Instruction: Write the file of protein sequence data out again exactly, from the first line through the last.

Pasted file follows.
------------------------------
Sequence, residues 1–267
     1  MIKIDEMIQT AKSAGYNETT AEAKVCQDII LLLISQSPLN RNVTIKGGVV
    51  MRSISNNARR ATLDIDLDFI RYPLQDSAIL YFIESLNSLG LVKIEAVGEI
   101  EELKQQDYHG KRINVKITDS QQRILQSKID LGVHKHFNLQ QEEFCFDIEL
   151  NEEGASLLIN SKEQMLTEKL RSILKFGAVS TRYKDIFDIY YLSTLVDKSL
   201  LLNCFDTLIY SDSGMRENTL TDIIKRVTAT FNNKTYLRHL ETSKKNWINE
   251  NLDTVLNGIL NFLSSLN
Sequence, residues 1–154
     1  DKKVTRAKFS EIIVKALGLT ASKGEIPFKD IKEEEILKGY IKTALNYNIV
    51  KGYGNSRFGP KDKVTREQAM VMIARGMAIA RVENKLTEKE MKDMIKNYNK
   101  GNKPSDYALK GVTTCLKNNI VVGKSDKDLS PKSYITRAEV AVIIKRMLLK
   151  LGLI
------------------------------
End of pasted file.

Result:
Sequence, residues 1–267
     1  MIKIDEMIQT AKSAGYNETT AEAKVCQDII LLLISQSPLN RNVTIKGGVV
    51  MRSISNNARR ATLDIDLDFI RYPLQDSAIL YFIESLNSLG LVKIEAVGEI
   101  EELKQQDYHG KRINVKITDS QQRILQSKID LGVHKHFNLQ QEEFCFDIEL
   151  NEEGASLLIN SKEQMLTEKL RSILKFGAVS TRYKDIFDIY YLSTLVDKSL
   201  LLNCFDTLIY SDSGMRENTL TDIIKRVTAT FNNKTYLRHL ETSKKNWINE
   251  NLDTVLNGIL NFLSSLN
Sequence, residues 1–154
     1  DKKVTRAKFS EIIVKALGLT ASKGEIPFKD IKEEEILKGY IKTALNYNIV
    51  KGYGNSRFGP KDKVTREQAM VMIARGMAIA RVENKLTEKE MKDMIKNYNK
   101  GNKPSDYALK GVTTCLKNNI VVGKSDKDLS PKSYITRAEV AVIIKRMLLK
   151  LGLI